Making portraits on location...
As ever I have been getting booked for a good variety of photography, and now video work. One day I could be shooting an interview piece, the next a science video and then the next day some environmental portraits for editorial. Variety offers great challenges and keeps me on my toes, just how I like it.
This week I would like to talk about environmental portraits. These are portraits shot on location, usually in the environment that the subject works in, hence environmental portraits. I have been making portraits of Chief Executive Officers (CEO's) for editorial stories. The subjects are always under time constraints so I have to be as efficient as possible, I make this extra tricky by setting myself the task of trying to set up and shoot in three different sets for each subject, this can vary either way, but three is my target. Doing this creates options for the client (magazine), and also the subject.
When it is possible I make an arrangement for a recce of the location so I can get a good idea of how I will make the portraits, and the specific spaces I will use. Preparation is key, the more you can do prior to the shoot day the better. There will always be variables to contend with, so arming yourself with as much knowledge as you can helps minimize the stress that changes can make.
This preparation extends to understanding the tools you have, your kit. It sounds obvious doesn't it, but how well do you really know your kit. One of the first things I impress on any aspiring photographer is to spend many hours with their camera in hand, you should be absolutely familiar with the dials, menu and functions at hand. Do this and free your mind to be aware of the light, how it is changing and you can adjust naturally and without so much distraction and thought. My main camera for this kind of work is now a Sony A7RIII with a growing selection of lenses. I will do a more specific blog relating to the kit I use soon.
Once you have learned your camera, then you need to learn about your lighting options. We have natural light, strobe light (flash), and of course the ambient light produced by interior lighting in the environment you are shooting in, should you be indoors. For almost every environmental portrait I find myself using a combination of available light (natural or ambient) and strobe. My strobes consist of Bowens monoblocks and Cactus RF60X speedlights, I use Cactus speedlights because I use Cactus V6II and V6IIs radio triggers. I have a selection of modifiers, scrims, umbrellas, softboxes and reflecters, learning how best to use these comes as the arsenal grows.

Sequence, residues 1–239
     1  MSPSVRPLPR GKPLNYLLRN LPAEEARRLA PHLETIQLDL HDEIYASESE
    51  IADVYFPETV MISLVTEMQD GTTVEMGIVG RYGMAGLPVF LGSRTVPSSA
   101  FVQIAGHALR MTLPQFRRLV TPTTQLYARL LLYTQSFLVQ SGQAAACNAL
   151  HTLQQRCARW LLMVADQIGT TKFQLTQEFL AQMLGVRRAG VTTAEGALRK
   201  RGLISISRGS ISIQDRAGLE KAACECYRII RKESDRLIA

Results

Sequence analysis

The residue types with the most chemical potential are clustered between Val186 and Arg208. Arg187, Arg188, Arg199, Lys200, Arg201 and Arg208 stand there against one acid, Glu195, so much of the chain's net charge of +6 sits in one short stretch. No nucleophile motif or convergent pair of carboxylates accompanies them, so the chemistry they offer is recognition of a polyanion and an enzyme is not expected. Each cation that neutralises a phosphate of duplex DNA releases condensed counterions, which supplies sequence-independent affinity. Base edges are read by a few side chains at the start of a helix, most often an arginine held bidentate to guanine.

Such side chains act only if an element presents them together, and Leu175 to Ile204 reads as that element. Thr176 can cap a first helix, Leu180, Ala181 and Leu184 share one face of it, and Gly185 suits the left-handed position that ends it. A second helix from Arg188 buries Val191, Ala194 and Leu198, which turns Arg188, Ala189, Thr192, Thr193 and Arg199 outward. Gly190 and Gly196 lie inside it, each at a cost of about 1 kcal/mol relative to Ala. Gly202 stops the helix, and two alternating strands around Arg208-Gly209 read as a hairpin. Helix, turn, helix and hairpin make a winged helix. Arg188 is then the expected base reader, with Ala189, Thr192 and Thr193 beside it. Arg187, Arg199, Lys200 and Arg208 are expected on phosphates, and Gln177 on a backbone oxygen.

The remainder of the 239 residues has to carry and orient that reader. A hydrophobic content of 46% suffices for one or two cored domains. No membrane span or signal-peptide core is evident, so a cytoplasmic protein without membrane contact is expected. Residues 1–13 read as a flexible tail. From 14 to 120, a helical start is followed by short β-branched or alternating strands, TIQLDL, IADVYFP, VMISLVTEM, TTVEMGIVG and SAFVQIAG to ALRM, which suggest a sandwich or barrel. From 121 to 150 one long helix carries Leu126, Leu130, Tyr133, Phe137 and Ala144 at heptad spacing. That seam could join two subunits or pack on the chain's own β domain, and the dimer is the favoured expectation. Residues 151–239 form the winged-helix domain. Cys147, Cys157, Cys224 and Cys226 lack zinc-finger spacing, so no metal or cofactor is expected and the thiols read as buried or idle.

When starting out it is often the case that you are a one man band, this is ok but as the jobs get bigger and the pressure greater I find it absolutely essential to employ at least one assistant. Doing this and taking the time to work with them to the point they know you well and can anticipate makes working so much smoother. I spent time assisting and learned so much which is still very relevant to my work now. If you are interested in commercial photography or film making then I can't recommend getting assisting experience enough. With an assistant working with me I can concentrate on my subject, I can look at how to light them best and then instruct my assistant to make the adjustments I want to the lights, help make quick lens changes and generally be smoother and cleaner on set.
I work with the available light and then add a key light (Bowens Gemini 500 Pro monoblocs with a large softbox), a kicker (Cactus RF60X speedlight with a softbox and grid), if required I will also light the environment, generally I will use Cactus RF60X speedlights for this with or without modifiers.
That's it from me this time, I hope that you enjoyed the few minutes reading this and having a little look at the portrait work I make. Looking at my diary, I have some editing to do on an interview video piece, some post as usual and then get into my studio to shoot some jewelry still lifes.
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Until next time, keep challenging yourselves, keep learning and enjoy your achievements along the way.